How Do You Become an "Expert"?


As designers, we typically like to get better at our craft, maybe find a specific focus or niche and of course- learn new skills.

Recently I was listening to the Freakanomics podcast and they had a little series, on self improvement, which I thought you would find helpful or interesting which is why I’m sharing it with you.

In one particular episode, titled “How to Become Great at Just About Anything”

They explored the idea that perhaps the experts we admire, aren’t just naturally talented but work really hard through this idea of deliberate practice. As it turns out, there’s a lot that goes into “Deliberate Practice”.

Let’s start out by defining who is considered an “expert”:

According to Google, “expert” is defined as a person who has a comprehensive and authoritative knowledge of or skill in a particular area.”

This term covers highly experienced professionals such as doctors, teachers and scientists.

But also includes people who have reached “superior performance” through instruction and this deliberate practice. So this can include artists, athletes, musicians.

One guy, named Eriksson, who was extensively featured on the episode says that because these “experts” make what they’re doing look effortless, we assume it must be natural talent.

However, after a series of studies, scientists have found that these assumptions aren’t necessarily true. Just because you’re born talented doesn’t mean you’ll become an expert. It’s through a lot of hard work.

This means if you’re born without natural talent or abilities - you can still achieve high standards through “deliberate practice”.

Unfortunately what happens, is that most people work towards a level that’s considered “acceptable” and then stay in that comfort zone. To reach “expert level” you need to continue deliberate practice.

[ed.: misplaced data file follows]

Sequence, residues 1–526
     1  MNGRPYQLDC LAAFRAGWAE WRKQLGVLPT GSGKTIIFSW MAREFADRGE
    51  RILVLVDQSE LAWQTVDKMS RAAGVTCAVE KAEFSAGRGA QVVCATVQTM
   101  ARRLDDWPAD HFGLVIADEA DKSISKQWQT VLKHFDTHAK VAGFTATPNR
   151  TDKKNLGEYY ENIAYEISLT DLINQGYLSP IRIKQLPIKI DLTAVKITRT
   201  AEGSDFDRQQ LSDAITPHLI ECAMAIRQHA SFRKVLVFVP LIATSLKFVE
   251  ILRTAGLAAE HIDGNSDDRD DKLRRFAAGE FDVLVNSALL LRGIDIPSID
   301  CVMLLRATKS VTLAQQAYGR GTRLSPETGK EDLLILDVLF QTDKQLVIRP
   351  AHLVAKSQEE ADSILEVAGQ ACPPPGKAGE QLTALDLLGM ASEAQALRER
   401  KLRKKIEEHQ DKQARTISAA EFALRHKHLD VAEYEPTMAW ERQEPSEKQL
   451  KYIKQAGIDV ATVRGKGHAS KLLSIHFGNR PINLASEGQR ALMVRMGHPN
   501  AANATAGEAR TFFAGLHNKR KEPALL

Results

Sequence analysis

These theories on how to become an expert is where that 10,000 hours theory comes from. If you’re unfamiliar with that number, there’s a theory that it takes 10,000 hours to be considered an expert.

There are certainly debates on how accurate this number is, or how much stock you should put into that number. According to one author, this 10,000 hour idea must be understood as an average.

What is deliberate practice? What are some steps you can take to become an expert?

According to Ericsson, you have to get specific. You have to define your goals and to be most effective find a training activity that you can repeat, and refine with each repetition.

Deliberate practice takes place outside your comfort zone, so you have to constantly try things that are just beyond your current abilities.

Ideally you would be guided during this practice, which is why people look for mentors and teachers that help them improve and stretch themselves.

How can we apply these ideas to design or our whatever creative endeavor you have?

It’s important to get specific on what you want to improve. Like Ericsson explains in the interview, if you want to be better at basketball, you can’t just play a pickup game. You have to choose a skill, for example free throw shooting, and consistently work on that specific skill.

This is why people say to learn lettering, trace a lot of letters, or draw one letter in a lot of different ways. And then keep re-drawing it.

It’s also important to share your work, ask for specific feedback and get input from a mentor who is an expert in that particular field.

I hope you found this video helpful, I will have a few additional sources linked below, if this is a topic you’re interested in reading up on. I recc listening to the full episode, I found it interesting and inspiring.

I’ll see you next time, bye!

Freakonomics Episode


Dubner, Stephen J., and Steven. "A Star Is Made." The New York Times. The New York Times, 06 May 2006. Web. 07 June 2016.

Dubner, Stephen J. "How to Become Great at Just About Anything - Freakonomics." Freakonomics. N.p., 27 Apr. 2016. Web. 06 June 2016.

"Expertise." Expertise. N.p., n.d. Web. 06 June 2016